Non-Fiction Books:

Cooperation in Chinese Communities

Morality and Practice


Paperback / softback

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Cooperation in Chinese Communities

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When humans cooperate, what are the social and psychological mechanisms that enable them to do so successfully? Is cooperativeness something natural for humans, built in to our species over the course of evolution, or rather something that depends on cultural learning and social interaction? This book addresses these central questions concerning human nature and the nature of cooperation. The editors present a wide range of vivid anthropological case-studies focused on everyday cooperation in Chinese communities, for example, between children in Nanjing playing a ballgame; parents in Edinburgh organising a community school; villagers in Yunnan dealing with "common pool" resource problems; and families in Kinmen in Taiwan worshipping their dead together. On the one hand, these case studies illustrate some uniquely Chinese cultural factors, such as those related to kinship ideals and institutions that shape the experience and practice of cooperation. They also illustrate, on the other hand, how China's recent history, not least the rise and fall of collectivism in various forms, continues to shape the experience of cooperation for ordinary people in China today. Finally, they show that in spite of the cultural and historical particularity of Chinese cooperation, it does share some underlying features that would be familiar to people coming from radically different backgrounds.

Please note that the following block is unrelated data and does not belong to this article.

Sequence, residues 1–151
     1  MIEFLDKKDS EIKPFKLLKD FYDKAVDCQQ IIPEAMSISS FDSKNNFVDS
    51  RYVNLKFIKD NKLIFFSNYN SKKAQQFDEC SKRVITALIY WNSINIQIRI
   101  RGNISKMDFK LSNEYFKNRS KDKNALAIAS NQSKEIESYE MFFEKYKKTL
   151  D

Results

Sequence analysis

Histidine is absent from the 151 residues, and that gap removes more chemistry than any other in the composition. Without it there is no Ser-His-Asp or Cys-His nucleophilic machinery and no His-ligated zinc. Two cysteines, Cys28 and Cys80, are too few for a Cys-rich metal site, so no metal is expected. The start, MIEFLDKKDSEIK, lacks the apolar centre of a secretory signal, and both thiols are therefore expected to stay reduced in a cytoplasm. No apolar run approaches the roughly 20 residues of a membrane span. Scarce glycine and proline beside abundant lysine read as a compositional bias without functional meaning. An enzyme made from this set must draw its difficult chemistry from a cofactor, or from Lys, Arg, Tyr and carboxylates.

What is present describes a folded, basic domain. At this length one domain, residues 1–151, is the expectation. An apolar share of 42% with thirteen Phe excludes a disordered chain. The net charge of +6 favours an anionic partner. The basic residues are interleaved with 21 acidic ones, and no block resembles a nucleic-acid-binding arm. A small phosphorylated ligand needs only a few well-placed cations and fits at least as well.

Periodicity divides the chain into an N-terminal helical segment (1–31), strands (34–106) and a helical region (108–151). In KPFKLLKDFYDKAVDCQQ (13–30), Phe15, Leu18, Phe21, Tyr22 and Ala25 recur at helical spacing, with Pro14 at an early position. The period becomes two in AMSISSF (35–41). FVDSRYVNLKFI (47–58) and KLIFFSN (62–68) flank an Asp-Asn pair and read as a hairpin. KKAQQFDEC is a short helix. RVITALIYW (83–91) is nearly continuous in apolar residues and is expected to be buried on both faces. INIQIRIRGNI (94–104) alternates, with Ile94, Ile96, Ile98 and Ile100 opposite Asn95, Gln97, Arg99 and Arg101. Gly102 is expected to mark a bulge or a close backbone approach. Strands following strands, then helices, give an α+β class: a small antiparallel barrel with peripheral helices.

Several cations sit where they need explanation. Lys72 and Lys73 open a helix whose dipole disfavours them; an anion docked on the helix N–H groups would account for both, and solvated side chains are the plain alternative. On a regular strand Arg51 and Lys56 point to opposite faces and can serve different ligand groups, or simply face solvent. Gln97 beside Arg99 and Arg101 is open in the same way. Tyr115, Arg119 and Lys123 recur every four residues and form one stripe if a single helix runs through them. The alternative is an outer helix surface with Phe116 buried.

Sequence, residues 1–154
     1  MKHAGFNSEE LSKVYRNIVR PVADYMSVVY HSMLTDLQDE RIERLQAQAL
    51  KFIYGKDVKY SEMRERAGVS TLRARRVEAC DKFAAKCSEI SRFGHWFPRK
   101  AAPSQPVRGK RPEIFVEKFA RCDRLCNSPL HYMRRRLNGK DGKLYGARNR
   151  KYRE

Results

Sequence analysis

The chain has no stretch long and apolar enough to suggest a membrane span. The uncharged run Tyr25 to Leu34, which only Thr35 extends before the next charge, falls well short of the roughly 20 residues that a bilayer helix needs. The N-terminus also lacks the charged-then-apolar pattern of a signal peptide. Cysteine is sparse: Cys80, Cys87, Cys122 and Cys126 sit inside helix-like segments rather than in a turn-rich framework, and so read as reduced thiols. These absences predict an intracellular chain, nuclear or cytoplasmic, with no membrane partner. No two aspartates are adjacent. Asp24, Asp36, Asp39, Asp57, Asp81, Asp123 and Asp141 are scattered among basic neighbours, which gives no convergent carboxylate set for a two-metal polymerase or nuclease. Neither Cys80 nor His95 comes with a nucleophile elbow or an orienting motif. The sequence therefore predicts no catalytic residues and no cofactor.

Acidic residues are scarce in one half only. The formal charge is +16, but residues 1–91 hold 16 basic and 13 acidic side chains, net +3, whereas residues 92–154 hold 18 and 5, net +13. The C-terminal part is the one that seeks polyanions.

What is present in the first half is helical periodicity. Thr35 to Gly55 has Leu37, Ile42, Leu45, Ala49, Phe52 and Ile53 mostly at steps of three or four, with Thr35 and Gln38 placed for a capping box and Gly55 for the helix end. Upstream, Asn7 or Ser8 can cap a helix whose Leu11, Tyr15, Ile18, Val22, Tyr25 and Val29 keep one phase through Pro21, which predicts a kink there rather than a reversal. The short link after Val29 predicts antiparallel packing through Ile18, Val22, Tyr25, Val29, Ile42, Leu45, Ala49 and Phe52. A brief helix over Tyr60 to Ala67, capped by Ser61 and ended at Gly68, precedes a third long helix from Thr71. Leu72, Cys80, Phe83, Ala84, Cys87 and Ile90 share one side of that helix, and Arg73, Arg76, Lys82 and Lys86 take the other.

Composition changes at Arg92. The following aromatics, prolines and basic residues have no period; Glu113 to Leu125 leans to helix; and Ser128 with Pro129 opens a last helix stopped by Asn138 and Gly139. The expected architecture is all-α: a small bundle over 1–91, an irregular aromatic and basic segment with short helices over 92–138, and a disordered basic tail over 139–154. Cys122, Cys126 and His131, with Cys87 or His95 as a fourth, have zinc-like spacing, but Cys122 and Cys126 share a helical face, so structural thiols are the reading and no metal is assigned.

Author Biography

Charles Stafford is Professor at the London School of Economics, UK. Ellen R. Judd is Distinguished Professor at the University of Manitoba, Canada. Eona Bell is Affiliated Lecturer in Social Anthropology at Cambridge University and Research Officer at the London School of Economics, UK.
Release date NZ
December 13th, 2018
Edited by Charles Stafford Edited by Ellen R. Judd Edited by Eona Bell
Country of Publication
United Kingdom
Bloomsbury Academic
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